The chair of an inquiry into the deaths of mental health patients has renewed a push for a decision over whether to grant it full legal powers.
About 2,000 people in the care of Essex’s mental health services are said to have died over the last two decades.
Dr Geraldine Strathdee has published a second letter to the health secretary and warned of fresh safety concerns.
The Department for Health and Social Care (DHSC) said it was “considering next steps”.
The Essex Mental Health Independent Inquiry was set up in January 2021, but has been undermined by the failure of enough witnesses to come forward and give evidence, according to Dr Strathdee.
In her letter to the Secretary of State for Health, written in March, she said fewer than 30% of named staff – who currently or previously worked for Essex mental health services – had agreed to attend evidence sessions.
“In my assessment, I cannot properly investigate matters with this level of engagement,” she told Steve Barclay.
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No decision has yet been forthcoming on her request to place the inquiry on a full statutory footing.
However, Mr Barclay was reported to be ‘minded’ to grant the extra legal powers.
In her letter, Dr Strathdee also warned of fresh safety issues at the current provider, Essex Partnership University Trust (EPUT).
“I am very concerned that there are serious, ongoing risks to patient safety,” she wrote.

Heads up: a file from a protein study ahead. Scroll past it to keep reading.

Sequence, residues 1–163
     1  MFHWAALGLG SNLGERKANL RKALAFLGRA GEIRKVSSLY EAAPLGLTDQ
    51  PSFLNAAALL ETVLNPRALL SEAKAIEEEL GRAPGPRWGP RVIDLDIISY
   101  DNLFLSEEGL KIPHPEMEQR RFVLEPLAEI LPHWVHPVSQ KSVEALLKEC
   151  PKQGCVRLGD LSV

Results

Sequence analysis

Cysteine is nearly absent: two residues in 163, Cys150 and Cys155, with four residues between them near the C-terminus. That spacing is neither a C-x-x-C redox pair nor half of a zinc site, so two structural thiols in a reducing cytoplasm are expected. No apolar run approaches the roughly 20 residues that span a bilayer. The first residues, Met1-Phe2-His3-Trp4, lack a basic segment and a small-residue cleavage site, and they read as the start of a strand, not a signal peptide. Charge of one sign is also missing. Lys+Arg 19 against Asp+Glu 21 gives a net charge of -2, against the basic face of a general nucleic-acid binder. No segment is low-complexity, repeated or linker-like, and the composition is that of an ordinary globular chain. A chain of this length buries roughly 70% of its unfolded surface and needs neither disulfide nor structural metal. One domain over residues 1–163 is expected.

“Due to the nature of these issues, I am confident that these cannot be properly investigated by the Inquiry without statutory powers.”
EPUT said patient safety was an “absolute priority”, adding: “Where the inquiry has notified us of any concerns, we have fully investigated and taken immediate action where necessary.”
An independent review into 1,500 deaths at the Essex Partnership University Trust (EPUT) over a 21-year period was launched in 2020, with the inquiry set up in January 2021.
Another 500 deaths were made known to Dr Strathdee in December.
The Trust’s chief executive Paul Scott has disputed the figure of 2,000 deaths.
Campaigner Melanie Leahy, whose son Matthew died during his time as an inpatient at the Linden Centre in Chelmsford in 2012, said she was now “challenging” the government to tell her that giving the inquiry new powers was “not an urgent need”.
“It has taken nearly 11 years of painful and relentless campaigning for answers after the tragically preventable loss of my son Matthew Leahy whilst in a place of so-called safety,” she told the BBC.Ms Leahy added: “Professor Strathdee has made it undeniably clear that she agrees that the present limited inquiry be converted to statutory status so that she can finally compel witnesses to speak and put patients and families at its centre”.
A DHSC spokesperson said: “Every death in a mental health facility is a tragedy.
“We’re improving mental health services across the country and that’s why we launched the inquiry to look at inpatient mental health deaths in Essex between 2000 and 2020.
“We’re grateful to all those who have participated in the inquiry to help improve patient safety.
“It’s disappointing, however, that some current and former staff have not engaged to the extent expected and the inquiry hasn’t been able to access all the information it has requested.
“We are carefully considering the inquiry’s next steps and will update in due course.”
An EPUT spokesman said: “We continue to proactively encourage our staff to engage with this inquiry and are offering colleagues support and advice.
“There is a need to meet the commitment to families, carers and service users who rightly expect answers.
“Patient safety is our absolute priority and we remain committed to working with the inquiry now and in the future, whatever form it takes.”